Avizo for PCX

Avizo software, from VSG - Visualisation Sciences Group, can now be combined with PCX micro-CT systems to offer 3D imaging for low density materials.

Traditional x-ray techniques seriously limit imaging of very small or weakly absorbing features and make extraction of subtle textural information from the image extremely difficult. PCX systems, developed and manufactured by XRT, are specifically designed to capture and retrieve both phase and absorption contrast enabling high contrast imaging of low density materials in a broad range of applications, from materials science to micro-electronics, food technology, earth sciences, and more.

PCX series is now combined with Avizo software for high-end 3D visualisation and quantitative analysis of micro-CT data, delivering a superior 3D imaging solution for challenging materials structure analysis.

High-resolution phase and absorption contrast phenomena play important functions in improving contrast for x-ray images with many types of weakly absorbing materials (that can either stand alone or be in the company of more dense structures), even with the most difficult low contrast samples such as paper, plastics, composites, geo-polymers, metal foams, ceramics, food texture, and more.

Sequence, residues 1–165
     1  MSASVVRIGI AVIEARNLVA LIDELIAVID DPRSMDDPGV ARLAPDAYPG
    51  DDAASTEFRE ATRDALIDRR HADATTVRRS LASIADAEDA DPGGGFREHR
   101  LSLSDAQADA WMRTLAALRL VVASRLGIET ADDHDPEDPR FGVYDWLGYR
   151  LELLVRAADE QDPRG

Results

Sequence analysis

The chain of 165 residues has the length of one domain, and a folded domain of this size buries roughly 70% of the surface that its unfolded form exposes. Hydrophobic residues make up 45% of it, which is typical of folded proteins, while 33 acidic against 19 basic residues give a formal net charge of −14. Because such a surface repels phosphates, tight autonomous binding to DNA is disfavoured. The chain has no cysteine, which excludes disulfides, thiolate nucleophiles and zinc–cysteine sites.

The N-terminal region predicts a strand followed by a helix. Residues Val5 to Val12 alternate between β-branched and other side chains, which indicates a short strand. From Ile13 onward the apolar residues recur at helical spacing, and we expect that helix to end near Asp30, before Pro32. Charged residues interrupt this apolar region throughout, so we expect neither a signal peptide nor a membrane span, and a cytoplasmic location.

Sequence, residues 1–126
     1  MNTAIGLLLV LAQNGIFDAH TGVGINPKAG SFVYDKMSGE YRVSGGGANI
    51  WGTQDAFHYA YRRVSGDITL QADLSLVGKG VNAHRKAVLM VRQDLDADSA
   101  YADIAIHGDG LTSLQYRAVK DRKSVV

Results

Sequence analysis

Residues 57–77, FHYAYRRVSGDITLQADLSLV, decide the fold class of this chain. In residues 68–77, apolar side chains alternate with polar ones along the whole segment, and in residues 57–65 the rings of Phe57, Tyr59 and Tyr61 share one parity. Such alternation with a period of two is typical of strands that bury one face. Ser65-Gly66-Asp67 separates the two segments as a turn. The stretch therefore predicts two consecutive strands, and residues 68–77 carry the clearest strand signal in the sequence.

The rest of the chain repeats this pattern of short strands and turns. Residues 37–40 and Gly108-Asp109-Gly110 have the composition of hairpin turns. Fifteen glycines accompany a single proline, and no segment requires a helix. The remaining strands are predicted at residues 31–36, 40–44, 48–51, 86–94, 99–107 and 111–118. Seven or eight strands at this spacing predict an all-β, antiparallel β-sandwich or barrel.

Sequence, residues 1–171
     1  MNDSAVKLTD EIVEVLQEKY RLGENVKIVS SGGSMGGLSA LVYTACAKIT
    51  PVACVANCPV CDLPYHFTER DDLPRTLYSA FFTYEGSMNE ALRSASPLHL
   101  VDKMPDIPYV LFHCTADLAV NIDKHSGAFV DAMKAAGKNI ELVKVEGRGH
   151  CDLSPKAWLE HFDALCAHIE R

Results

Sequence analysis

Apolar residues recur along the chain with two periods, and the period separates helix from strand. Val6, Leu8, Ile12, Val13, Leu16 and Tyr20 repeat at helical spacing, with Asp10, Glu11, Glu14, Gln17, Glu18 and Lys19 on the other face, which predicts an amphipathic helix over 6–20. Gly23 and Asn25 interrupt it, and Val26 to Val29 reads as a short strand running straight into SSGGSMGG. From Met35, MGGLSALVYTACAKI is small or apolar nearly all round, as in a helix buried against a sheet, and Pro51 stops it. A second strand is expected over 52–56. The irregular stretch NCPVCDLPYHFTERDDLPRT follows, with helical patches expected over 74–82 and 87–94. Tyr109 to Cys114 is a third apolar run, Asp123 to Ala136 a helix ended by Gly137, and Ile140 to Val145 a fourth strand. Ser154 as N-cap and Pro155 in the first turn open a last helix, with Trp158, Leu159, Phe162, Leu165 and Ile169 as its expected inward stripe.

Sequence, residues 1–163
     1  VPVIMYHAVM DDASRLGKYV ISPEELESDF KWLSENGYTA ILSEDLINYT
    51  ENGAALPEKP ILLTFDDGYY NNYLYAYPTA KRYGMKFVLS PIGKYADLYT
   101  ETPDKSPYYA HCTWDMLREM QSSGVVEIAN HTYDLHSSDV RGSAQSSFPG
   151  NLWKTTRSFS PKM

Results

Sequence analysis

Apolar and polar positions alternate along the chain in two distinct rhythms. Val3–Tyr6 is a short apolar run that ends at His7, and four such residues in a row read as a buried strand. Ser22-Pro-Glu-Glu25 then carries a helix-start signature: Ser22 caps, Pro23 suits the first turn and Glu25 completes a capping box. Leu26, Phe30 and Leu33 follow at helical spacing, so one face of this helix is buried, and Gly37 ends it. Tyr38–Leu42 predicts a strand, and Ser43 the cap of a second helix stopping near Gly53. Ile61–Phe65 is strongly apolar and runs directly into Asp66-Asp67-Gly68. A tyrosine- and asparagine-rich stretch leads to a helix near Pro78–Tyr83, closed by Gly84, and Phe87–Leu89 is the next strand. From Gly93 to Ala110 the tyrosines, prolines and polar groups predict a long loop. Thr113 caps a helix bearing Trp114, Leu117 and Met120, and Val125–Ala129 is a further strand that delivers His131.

The imaging geometry used in XRT’s PCX produces images containing both absorption and phase contrast components which, when combined, allow faint objects of similar atomic number, and small features, not otherwise visible to be imaged in superb detail.

XRT now offers Avizo software as an additional tool for advanced 3D visualization and analysis of microtomography data generated using PCX products. This allows users to obtain realistic 3D models, to take virtual sections through the sample, and to provide enhanced and highly concise insight into the internal arrangement of components; the thickness, integrity and registration of layered structures can reveal images of internal cracks, voids and delaminations without destroying the sample.

Analysis and opinion

Robert Roe investigates some of the European projects focusing on preparing today’s supercomputers and HPC programmers for exascale HPC


The Jülich Supercomputing Centre (JSC) at Forschungszentrum Jülich in Germany has been operating supercomputers of the highest performance class since 1987. Tim Gillett talks to Norbert Attig and Thomas Eickermann


Gemma Church investigates how simulation and modelling de-risks the detection and extraction of geothermal energy resources


Robert Roe investigates the importance of upgrading legacy laboratory informatics systems and the benefits this provides to scientists